Happiness comes again.
I think about the vulnerability of guessing that TJ wanted me to show up at his place that Thursday night in the city, the doubt that crowded my mind even as I did so anyway. I think about the email I sent him after we’d first met. “Will you be my friend?” I asked in way too many words and in desperate need of an editor, but I asked and the answer is one of my greatest gifts on earth. And the asking and waiting and hoping and wondering and even doubting—it is intrinsic to this happiness. The vulnerability, finding my way through the darkness, trusting promises despite what I’ve seen and even still see—it’s all intrinsic to happiness.
After my son Luca died, I spent my hours at night searching online for people whose baby had died and were okay. I wanted them to be an oracle, a mirror I didn’t mind gazing at. I remember reading the tragic story of a celebrity’s girlfriend delivering their dead baby. Within six months, the two were broken up and she’d died in a car crash, having gotten high and drank too much and driven home. She was buried next to her baby. I read the story and kept thinking, We only have a little bit in common. Not everything, please God, not everything. Her story scared me. I started reading fiction, stories that had nothing to do with stillbirth, soon after.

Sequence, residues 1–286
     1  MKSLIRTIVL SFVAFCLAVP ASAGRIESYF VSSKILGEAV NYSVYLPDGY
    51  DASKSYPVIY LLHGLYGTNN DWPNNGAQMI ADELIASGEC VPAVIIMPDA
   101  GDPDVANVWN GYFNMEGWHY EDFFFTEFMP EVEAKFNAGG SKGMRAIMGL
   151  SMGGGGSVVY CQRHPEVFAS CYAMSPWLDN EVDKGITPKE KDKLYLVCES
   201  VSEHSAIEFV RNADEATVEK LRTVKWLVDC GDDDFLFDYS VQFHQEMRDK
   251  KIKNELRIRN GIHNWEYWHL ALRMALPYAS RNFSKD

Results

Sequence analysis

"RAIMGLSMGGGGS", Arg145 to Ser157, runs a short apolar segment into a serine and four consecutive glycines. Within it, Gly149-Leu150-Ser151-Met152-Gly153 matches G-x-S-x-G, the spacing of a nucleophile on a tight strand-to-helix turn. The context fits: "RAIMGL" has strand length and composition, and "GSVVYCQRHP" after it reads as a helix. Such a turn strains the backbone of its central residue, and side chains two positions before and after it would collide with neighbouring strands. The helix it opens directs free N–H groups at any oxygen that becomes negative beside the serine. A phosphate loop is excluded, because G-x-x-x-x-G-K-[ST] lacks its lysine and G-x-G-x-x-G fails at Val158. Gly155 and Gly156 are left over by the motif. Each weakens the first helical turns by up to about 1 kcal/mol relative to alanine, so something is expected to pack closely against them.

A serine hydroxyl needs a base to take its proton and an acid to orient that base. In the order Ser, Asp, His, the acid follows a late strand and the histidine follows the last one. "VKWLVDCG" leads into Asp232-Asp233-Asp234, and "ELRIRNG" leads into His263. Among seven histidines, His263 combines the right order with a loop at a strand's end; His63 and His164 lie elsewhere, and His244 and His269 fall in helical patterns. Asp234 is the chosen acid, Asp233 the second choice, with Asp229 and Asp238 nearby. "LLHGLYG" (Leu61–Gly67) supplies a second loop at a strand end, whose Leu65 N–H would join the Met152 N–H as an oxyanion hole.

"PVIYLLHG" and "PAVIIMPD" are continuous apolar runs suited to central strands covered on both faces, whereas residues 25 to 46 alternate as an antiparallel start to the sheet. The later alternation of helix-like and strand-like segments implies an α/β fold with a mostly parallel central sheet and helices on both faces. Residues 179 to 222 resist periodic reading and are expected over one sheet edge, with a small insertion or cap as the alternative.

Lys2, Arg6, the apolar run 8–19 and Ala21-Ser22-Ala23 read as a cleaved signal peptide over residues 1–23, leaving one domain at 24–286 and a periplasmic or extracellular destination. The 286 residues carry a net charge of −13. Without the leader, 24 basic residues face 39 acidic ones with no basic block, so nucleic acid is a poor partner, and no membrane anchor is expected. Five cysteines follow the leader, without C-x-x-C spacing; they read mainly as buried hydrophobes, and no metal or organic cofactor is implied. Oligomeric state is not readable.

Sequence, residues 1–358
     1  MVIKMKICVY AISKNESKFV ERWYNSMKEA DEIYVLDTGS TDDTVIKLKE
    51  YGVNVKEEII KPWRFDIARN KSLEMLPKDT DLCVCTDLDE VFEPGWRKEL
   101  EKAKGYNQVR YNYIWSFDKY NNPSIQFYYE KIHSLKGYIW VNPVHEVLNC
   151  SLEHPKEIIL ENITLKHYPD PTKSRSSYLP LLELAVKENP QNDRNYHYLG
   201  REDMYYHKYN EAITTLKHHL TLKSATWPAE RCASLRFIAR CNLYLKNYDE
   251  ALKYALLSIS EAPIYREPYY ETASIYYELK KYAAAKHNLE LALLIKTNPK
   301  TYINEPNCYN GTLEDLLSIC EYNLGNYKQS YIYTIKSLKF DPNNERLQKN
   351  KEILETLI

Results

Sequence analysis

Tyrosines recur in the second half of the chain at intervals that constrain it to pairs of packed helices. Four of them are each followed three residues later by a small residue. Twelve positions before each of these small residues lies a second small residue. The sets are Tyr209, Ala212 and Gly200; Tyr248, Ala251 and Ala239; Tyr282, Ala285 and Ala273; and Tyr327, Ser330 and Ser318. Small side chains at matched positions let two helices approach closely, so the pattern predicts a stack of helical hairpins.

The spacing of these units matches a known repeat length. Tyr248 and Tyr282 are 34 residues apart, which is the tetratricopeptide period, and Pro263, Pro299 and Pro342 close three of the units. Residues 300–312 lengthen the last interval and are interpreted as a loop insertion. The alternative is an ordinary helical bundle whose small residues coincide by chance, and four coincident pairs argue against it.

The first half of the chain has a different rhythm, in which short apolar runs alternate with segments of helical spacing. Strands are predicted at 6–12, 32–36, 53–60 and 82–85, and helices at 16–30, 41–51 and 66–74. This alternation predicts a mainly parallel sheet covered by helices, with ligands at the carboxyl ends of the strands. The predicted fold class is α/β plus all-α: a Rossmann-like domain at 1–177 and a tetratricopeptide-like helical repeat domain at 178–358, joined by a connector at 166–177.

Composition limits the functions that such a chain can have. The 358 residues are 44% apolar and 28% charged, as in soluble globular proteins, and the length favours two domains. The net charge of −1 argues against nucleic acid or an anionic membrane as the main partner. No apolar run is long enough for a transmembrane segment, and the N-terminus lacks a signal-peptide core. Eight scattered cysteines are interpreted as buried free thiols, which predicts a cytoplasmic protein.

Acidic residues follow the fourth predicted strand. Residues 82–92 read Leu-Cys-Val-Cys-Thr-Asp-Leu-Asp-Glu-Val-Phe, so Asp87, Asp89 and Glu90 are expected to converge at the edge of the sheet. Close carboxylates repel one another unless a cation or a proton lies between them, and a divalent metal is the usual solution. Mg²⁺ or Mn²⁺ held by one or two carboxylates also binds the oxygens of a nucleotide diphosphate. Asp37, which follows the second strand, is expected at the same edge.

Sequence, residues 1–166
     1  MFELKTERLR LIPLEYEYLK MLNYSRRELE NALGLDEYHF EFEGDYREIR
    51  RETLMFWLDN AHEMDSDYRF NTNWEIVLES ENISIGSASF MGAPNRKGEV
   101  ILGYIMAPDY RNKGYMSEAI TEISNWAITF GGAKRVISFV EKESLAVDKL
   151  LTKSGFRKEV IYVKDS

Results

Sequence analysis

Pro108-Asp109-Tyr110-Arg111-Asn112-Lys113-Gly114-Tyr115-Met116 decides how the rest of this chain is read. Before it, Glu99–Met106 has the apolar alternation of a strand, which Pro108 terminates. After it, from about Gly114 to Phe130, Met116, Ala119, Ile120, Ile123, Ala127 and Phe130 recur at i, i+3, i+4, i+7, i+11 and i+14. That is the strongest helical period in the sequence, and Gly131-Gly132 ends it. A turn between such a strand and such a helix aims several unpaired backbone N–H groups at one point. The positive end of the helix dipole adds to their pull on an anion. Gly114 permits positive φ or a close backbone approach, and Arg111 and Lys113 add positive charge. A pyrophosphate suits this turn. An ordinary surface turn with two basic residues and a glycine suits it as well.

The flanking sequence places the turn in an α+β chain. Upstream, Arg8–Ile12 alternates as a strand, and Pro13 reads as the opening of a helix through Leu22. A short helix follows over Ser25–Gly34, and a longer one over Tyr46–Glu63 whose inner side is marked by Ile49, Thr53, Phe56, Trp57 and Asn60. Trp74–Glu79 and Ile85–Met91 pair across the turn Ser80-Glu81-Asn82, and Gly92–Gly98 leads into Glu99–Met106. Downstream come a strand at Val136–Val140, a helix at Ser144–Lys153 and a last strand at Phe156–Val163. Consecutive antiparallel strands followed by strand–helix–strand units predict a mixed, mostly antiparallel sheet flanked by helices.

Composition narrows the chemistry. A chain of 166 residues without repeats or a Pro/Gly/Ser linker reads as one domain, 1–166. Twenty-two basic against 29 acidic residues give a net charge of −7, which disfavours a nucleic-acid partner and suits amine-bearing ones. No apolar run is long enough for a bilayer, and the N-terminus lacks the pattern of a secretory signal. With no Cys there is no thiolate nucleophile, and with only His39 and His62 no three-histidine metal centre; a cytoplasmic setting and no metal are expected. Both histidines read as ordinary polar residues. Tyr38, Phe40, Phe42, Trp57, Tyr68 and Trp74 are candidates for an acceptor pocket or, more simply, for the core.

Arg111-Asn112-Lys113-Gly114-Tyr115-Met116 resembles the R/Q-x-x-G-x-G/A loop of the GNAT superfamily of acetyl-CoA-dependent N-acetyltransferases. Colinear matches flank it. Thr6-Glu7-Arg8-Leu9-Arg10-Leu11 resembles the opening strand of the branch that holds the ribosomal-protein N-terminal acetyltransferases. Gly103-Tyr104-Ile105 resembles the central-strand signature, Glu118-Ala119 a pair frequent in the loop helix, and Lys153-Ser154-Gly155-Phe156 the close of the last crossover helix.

We aren’t actually each other’s oracles—and neither our tragedies nor our triumphs are contagious in the sense that maybe we dread or we hope. But I wanted to write about happiness today—that bold and reckless word that I’m throwing around like I picked it up in bulk at Costco—because, we can see a little better through the lens of each other’s stories. I like to draw this, trace the unmissable through-line from suffering right into happiness. In fact, sometimes when I do this, I find they are even enmeshed in places, like it’s a casual thing to invite such opposite, dominant beings to sit at the same table, side by side, listening to each other. Suffering and happiness.
Happiness is not someone else’s story. Maybe it is today, but tomorrow is waiting. A whole 24 hours worth. That boomerang is on its way back; stay sharp, keep looking, don’t forget how to close your fingers around something good that’s barreling right towards you. You’re gonna need to know how to catch it, I promise you. Maybe you need a little counseling, some prayer, less scrolling and more talks with people who love you. Maybe you need to read books that have reminded humans how to be for a good long time. Maybe you need to do the next right thing and trust that the outcome is worth it. Maybe you need to eat something, I don’t know, I’m just spitballing here, but what I’m not doing is suggesting you wait and do nothing. I’m saying actively live—in whatever season that is yours—and learn how to catch a boomerang.
Because happiness comes again.